Low-carbon transport should be prioritised as a means of improving air quality ahead of tackling domestic biomass burners, says the Renewable Energy Association.
In an effort to reduce emissions in UK homes, the Government's
Clean Air Strategy plans to come down harder on burning wood and coal in open fires and stoves.
According to the document, these heating methods account for 38% of the UK’s primary emissions of fine particulate matter1 (PM2.5), with sulphur emitted by coal burned in open fires.
The Strategy also notes that non-methane volatile organic compounds are found in a range of household products such as carpets, upholstery, cleaning agents, and personal care products.
To tackle air quality issues in the home, it has pledged to:
• prohibit the sale of the most polluting fuels
• ensure that only the cleanest stoves are available for sale by 2022
• make it easier to enforce existing smoke control legislation
• empower local authorities to tackle high pollution areas
• improve awareness of the environmental and public health impacts of domestic burners
• and work with industry to identify an appropriate test standard for new solid fuels.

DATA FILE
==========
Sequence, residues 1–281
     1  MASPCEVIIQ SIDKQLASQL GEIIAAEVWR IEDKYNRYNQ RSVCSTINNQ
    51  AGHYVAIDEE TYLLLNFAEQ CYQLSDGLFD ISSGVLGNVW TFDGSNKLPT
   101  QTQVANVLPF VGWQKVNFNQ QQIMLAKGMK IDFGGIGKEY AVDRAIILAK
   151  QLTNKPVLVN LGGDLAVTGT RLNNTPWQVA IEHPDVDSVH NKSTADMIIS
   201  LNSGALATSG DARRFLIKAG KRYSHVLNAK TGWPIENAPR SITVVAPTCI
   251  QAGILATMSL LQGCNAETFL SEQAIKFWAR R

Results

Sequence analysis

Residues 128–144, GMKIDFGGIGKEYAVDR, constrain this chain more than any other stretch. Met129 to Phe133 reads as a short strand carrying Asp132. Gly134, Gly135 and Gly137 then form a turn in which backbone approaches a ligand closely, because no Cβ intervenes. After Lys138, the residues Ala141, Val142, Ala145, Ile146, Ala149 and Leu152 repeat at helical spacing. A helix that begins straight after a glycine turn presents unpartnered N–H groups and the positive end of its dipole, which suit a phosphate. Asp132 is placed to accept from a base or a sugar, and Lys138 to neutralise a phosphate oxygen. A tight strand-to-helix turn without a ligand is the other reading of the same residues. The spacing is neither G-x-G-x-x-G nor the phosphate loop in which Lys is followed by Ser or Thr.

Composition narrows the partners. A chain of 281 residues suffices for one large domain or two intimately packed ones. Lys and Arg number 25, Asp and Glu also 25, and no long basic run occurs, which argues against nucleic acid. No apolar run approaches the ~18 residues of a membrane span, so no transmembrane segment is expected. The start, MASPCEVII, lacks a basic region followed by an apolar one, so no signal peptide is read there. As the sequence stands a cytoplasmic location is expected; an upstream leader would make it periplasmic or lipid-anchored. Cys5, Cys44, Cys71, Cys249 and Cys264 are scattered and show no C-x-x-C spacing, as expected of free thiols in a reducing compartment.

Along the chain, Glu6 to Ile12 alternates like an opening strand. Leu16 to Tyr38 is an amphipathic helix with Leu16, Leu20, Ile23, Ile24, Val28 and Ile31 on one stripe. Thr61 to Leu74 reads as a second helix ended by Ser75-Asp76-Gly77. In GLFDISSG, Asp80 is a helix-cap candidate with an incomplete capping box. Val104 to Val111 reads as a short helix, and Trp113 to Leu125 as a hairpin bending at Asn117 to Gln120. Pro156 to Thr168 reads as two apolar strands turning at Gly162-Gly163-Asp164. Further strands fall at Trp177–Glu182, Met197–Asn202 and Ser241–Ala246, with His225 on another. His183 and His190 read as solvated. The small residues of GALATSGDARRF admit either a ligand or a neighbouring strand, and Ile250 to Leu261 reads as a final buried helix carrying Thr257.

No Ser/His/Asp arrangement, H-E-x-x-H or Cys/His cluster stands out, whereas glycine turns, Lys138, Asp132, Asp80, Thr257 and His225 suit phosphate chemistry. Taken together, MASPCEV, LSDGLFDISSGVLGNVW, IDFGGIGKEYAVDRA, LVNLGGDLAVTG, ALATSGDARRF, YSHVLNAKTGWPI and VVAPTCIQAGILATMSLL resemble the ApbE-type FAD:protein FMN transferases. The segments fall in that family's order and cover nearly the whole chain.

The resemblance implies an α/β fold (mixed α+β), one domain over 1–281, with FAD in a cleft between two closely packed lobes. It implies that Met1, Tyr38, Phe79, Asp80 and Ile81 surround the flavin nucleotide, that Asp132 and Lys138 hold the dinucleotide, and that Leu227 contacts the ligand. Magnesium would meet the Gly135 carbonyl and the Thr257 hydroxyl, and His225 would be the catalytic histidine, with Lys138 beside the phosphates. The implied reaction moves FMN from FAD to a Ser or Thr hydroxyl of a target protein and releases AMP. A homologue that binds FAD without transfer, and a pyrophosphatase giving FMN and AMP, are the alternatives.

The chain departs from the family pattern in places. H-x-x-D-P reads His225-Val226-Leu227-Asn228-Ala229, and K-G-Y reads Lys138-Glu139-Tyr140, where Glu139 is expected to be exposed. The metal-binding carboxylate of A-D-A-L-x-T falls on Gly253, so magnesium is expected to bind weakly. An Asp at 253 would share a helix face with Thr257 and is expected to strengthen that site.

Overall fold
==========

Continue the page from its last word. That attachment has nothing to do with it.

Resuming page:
However, while the REA has welcomed the ambition of the
Clean Air Strategy, it has urged the Government to focus on the uptake of electric vehicles and renewable transport fuels to significantly improve urban air quality.
"Critically, future policies must be based on up-to-date evidence that recognises the role bioenergy has to play in both improving air quality and, at the same time, meeting our carbon reduction targets," says James Court Policy and External Affairs director at the REA.
"For this reason, it remains concerning that Government continue to target biomass heating systems, while urban air quality problems can be best minimised by focusing on encouraging vehicles powered by electricity or renewable fuels."